If you want to expand or constrict your highlighted portion of text, just use the two marking edges and drag them to the desired length that you want. It is hard to believe that there was a time on smartphones and tablets that this wasn’t even a standard feature.
- Do you feel your Google tablet is getting slow? Here are ways to speed up your Nexus 7.
Disable WiFi during sleep mode
WiFi is a power hungry beast when it is being used, but did you know that by default that WiFi is still active, even when you’re not using your device or it is the middle of the night? Thankfully, your Nexus 7 has the option to disable using WiFi during these times that you can control.
If you head to your WLAN settings and then tap in the top right corner and choose Advanced, you’ll see a slew of options to choose from. By clicking on Keep WiFi on during sleep, you can choose from either having it on all the time, only when the device is plugged in, or never.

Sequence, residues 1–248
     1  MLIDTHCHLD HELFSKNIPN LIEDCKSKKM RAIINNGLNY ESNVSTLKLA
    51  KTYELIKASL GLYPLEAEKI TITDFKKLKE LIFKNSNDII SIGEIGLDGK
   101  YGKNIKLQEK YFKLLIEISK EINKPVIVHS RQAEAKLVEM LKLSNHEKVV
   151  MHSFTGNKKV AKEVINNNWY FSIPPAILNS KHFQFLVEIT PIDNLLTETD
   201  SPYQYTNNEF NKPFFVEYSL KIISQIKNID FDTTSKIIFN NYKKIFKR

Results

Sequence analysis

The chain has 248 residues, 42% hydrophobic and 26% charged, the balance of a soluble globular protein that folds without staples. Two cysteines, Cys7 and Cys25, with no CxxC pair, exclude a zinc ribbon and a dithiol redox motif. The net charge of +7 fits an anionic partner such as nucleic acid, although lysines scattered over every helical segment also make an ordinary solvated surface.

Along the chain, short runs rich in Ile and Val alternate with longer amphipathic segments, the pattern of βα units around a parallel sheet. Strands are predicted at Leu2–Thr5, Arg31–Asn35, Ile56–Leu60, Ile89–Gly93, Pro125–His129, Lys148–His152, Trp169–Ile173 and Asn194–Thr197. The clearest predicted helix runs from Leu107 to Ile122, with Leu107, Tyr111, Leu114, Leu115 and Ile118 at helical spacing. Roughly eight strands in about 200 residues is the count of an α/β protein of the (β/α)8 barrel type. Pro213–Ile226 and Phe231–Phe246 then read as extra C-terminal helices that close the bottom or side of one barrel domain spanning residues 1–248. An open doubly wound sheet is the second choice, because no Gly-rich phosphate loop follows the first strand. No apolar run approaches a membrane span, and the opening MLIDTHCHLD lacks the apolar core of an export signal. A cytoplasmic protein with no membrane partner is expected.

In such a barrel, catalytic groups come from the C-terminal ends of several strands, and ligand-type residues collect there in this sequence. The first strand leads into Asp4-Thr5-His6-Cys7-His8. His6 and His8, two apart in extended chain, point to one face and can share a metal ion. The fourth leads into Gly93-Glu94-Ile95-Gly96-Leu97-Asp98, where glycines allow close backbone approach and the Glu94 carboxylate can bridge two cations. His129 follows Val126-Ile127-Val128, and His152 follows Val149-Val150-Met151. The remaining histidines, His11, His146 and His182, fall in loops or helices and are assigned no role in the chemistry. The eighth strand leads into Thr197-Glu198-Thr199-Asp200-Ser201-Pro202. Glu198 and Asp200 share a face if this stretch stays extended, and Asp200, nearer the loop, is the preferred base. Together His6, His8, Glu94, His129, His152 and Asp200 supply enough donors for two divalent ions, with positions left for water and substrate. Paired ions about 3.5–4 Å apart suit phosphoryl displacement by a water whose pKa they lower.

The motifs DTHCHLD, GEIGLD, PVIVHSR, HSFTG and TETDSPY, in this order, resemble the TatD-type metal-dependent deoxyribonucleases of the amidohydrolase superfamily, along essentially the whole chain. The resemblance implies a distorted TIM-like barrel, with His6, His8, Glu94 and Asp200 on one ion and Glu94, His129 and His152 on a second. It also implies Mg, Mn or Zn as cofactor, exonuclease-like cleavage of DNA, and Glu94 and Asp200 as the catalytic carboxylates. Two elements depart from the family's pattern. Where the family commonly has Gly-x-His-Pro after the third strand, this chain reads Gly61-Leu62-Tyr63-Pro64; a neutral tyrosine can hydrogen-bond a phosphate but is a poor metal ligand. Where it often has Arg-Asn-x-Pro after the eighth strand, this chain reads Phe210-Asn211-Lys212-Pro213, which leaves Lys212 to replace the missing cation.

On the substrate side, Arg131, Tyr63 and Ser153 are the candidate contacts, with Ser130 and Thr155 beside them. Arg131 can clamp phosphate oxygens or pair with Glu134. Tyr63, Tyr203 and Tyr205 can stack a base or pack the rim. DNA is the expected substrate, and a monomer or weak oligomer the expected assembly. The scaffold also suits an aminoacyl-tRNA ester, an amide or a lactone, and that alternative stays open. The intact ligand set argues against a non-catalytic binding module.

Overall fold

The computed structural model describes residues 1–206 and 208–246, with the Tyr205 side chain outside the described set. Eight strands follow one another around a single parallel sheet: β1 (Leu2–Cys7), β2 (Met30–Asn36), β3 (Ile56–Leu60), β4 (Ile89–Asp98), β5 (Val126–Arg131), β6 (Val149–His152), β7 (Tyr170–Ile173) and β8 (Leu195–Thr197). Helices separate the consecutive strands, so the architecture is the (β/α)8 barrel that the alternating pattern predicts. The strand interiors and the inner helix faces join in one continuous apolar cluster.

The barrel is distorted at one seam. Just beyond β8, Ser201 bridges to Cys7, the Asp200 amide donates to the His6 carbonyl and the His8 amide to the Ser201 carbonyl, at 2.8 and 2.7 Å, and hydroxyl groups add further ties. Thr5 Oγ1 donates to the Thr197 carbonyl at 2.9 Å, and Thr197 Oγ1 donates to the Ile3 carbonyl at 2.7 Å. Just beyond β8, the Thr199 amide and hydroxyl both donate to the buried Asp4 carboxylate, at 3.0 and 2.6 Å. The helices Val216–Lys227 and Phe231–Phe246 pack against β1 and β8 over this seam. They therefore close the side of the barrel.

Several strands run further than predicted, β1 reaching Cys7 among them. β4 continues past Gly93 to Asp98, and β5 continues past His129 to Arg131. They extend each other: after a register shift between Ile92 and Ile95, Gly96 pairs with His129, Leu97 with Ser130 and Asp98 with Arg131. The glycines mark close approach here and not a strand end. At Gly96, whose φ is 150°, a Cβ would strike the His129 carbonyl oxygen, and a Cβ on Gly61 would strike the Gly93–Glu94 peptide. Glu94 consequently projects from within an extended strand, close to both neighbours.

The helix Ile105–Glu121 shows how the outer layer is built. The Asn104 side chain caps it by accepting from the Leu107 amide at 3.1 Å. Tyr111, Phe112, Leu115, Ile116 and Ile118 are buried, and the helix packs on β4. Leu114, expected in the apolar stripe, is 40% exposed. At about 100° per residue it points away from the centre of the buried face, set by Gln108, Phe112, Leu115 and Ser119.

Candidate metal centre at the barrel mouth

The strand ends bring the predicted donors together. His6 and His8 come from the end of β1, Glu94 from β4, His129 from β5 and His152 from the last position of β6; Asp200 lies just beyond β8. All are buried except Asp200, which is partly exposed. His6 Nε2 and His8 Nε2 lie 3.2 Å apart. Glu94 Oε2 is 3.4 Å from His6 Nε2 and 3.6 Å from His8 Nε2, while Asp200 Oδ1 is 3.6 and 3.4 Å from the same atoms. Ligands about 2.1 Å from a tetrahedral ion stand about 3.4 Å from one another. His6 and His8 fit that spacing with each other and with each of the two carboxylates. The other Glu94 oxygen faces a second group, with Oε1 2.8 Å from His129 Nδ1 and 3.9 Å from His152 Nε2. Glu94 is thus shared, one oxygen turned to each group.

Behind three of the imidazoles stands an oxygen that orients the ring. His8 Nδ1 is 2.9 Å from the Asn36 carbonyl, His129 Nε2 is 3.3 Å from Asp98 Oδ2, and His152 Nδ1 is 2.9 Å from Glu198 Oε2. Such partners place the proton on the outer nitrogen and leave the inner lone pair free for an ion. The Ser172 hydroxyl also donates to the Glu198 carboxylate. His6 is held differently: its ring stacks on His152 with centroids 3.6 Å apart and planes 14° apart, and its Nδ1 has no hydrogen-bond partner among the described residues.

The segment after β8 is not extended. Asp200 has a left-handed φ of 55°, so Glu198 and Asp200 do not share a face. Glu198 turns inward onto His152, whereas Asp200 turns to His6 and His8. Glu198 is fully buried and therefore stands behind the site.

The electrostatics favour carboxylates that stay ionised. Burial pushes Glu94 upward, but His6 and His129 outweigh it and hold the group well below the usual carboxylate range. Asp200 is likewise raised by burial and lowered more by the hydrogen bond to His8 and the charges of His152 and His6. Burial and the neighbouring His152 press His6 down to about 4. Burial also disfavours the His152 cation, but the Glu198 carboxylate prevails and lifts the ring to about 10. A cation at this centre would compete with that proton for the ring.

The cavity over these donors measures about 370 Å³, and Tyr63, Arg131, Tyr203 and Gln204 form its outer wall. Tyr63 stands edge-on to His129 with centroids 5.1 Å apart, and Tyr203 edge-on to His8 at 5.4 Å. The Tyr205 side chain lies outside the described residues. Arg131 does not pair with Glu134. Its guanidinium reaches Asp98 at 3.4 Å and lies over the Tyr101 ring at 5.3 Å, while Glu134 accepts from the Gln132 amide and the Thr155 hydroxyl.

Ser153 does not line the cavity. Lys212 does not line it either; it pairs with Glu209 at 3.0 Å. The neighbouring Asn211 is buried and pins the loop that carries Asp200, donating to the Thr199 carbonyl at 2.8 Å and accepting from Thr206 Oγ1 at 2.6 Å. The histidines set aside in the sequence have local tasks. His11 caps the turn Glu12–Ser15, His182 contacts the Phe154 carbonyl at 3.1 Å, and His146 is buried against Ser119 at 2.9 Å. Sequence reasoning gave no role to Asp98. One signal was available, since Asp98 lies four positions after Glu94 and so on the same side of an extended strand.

Keep in mind, this will limit the connectivity of the device so if you rely on WiFi to get messages or push notifications, you won’t receive them again until you physically wake the device up.
Disable auto sync on your accounts
Google automatically syncs all your Google accounts to your Nexus device, such as Google+, Gmail, and app data. This can be a bit cumbersome if you don’t necessarily want or need all that stuff on your device or just want to keep it separate, due to multiple accounts or whatnot.
In your settings, you can head down to the Accounts area and click on whichever one you want to modify. In this case, we chose Google. From there, you can then unclick all the data that you don’t want synced on this device automatically, whether it be Google Calendar items or even Google Photos.
Disable app notifications
Do you have apps in which you constantly receive notifications from, but you really don’t want to see them anymore? If you head to the Apps portion of settings, you can select the offending app from the list of installed apps and then just uncheck the Show Notifications option just at the top of the opened page. That’s all it takes to remove the ability for that app to continue sending you notifications.
So, those are some of our favorite little tid-bits for the Nexus 7. What are some of yours? Feel free to share them below in the comment section!